I keep hoping someone (ideally a woman) will write an essay on the New Republic and gender. These notes might be useful for that writer and are offered as a spur to thought:
1. On March 1, 1983 Arthur and Cynthia Koestler, a married couple, killed themselves. Beyond the usual ethical questions of suicide, the self-extinction of the Koestlers raised a specifically feminist quandary. Arthur Koestler was 76 when the suicide occurred and facing the onset of Parkinson’s Disease. Suicide was a way of escaping the vulnerability and pain of old age and sickness. His wife was 55 years old and in the bloom of health. Moreover, Arthur, a world-famous novelist, was known to dominate over his meek wife, who served as his secretary. Did Arthur Koestler coerce his wife into suicide? And if so, what ethical judgments do we make of that?
The following year, the New Republic (TNR) commissioned a book review on the writings of Arthur and Cynthia Koestler by Lionel Abel, the literary critic known for his writings on drama. Abel also had a track record of sexism and homophobia. He had earlier written that the ideal theatre critic should be a heterosexual man: “I want a man to go [to the theatre], first of all, not a woman (I do have some prejudices), and I want the man to be stoutly uneffeminate (still more prejudice).” (Although to be fair, “stoutly uneffiminate” could perhaps include butch gay men).
Abel used a literary device to frame his judgement of Arthur Koestler. Abel pretended to be the judges of Hell (“we of Hell”), trying to determine which punishment Koestler deserves. The vast majority of his review is taken up with judging Arthur Koestler on his activities as a communist and anti-communist. But at the beginning Abel makes clear that he (or “we of Hell”) does not hold Koestler responsible for his treatment of Cynthia or any other woman. About Cynthia, Abel writes: “Can you [Arthur Koestler] be condemned for having made life appear so much worth living for Cynthia Koestler that without you her one desire was to die? No, for this you cannot and shall not be blamed by us.”
The paragraph where Abel (“We of Hell”) exonerates Koestler for his treatment of women is worth quoting at in full:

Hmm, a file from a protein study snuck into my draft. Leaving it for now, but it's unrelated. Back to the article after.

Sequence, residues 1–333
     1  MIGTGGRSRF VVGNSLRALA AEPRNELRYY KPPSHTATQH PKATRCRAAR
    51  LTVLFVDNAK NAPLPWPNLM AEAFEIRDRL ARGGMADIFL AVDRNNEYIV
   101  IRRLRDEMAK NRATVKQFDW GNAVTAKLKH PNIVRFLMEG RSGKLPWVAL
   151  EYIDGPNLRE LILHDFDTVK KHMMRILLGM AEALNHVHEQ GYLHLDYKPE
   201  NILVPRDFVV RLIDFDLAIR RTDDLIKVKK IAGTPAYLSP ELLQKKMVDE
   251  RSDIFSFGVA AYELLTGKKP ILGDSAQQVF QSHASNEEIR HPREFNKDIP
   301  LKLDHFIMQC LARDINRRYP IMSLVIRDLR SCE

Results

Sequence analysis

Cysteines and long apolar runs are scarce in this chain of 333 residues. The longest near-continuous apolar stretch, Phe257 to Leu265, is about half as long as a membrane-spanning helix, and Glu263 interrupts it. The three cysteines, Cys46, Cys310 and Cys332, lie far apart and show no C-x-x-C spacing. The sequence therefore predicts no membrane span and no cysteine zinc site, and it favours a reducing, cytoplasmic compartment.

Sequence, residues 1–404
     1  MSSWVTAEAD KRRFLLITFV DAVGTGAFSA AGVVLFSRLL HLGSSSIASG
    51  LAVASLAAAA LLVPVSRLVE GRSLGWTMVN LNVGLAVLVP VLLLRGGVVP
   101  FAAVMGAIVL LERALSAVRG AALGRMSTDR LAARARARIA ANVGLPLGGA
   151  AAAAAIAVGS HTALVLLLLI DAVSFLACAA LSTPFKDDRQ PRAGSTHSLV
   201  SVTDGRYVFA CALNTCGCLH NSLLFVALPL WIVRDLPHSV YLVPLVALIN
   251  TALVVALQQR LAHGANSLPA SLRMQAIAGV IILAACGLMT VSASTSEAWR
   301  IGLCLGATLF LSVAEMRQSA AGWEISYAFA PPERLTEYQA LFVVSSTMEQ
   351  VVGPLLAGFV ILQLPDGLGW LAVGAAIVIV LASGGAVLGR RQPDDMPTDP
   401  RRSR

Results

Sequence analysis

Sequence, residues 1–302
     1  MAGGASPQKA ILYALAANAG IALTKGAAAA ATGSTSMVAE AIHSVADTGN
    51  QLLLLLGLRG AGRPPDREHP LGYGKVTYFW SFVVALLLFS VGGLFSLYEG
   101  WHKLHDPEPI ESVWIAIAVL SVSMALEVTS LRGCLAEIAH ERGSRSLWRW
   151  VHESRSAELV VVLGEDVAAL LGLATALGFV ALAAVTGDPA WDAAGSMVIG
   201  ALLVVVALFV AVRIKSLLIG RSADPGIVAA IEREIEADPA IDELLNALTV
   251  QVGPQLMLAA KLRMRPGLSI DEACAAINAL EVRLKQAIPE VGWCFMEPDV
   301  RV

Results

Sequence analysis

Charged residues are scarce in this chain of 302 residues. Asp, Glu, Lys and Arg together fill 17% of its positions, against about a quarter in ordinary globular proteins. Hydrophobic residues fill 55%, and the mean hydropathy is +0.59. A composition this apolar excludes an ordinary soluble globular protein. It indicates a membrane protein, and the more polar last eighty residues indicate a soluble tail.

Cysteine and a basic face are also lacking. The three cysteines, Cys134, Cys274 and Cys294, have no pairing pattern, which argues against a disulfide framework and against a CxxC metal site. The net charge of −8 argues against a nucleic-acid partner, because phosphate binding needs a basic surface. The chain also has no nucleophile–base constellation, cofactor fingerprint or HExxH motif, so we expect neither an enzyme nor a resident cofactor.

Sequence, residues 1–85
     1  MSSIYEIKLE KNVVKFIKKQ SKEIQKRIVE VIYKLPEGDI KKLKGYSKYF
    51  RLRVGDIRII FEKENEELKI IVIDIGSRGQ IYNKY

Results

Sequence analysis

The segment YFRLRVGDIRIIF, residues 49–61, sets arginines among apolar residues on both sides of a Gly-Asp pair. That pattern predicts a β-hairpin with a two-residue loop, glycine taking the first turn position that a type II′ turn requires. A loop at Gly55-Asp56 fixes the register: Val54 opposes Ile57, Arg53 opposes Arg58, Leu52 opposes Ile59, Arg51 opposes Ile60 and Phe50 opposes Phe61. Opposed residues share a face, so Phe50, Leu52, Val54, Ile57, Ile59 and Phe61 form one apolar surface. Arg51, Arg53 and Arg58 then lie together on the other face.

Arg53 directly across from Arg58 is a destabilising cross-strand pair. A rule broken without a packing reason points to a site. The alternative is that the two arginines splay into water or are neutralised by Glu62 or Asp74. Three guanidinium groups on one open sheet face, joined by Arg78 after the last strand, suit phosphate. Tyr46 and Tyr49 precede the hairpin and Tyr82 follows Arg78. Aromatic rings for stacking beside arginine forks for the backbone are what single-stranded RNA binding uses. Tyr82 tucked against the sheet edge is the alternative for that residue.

Nor are we concerned about your practices, inveterate, and often regretted infidelities to the women with who you were involved. You were not the master of your appetite for sex, or even for romance. You hurt a lot of women, many of whom had not hurt you. Such are the facts, and in the first two revealing and entrancing volumes of your autobiography, The Invisible Writing and Arrow in the Blue, you admit to this quite candidly. But we of Hell are no feminists, nor are we egalitarian. We think it best for humans if at least half of them are happy, and we do not see why the more joyful ones should not be male.
What do we make of this curious essay, so dismissive of the problem of men who hurt women? A review where there is an implicit connection between men being “more joyful” and hurting women? It shocking to me when I first read it in the October 8, 1984 issue of the New Republic (when I was 17 years old, and hardly a feminist, indeed no more aware of gender justice than most boys my age). It becomes more shocking in retrospect because we know that Koestler’s habit of hurting women extended to assault and rape (there have been several plausible posthumous accusations).
Yet to survey the life of Arthur Koestler, a man already known in 1984 for having troubled relations with women, the New Republic (in the person, I suspect, of literary editor Leon Wieseltier) commissioned a review from a writer known for his neanderthal gender politics.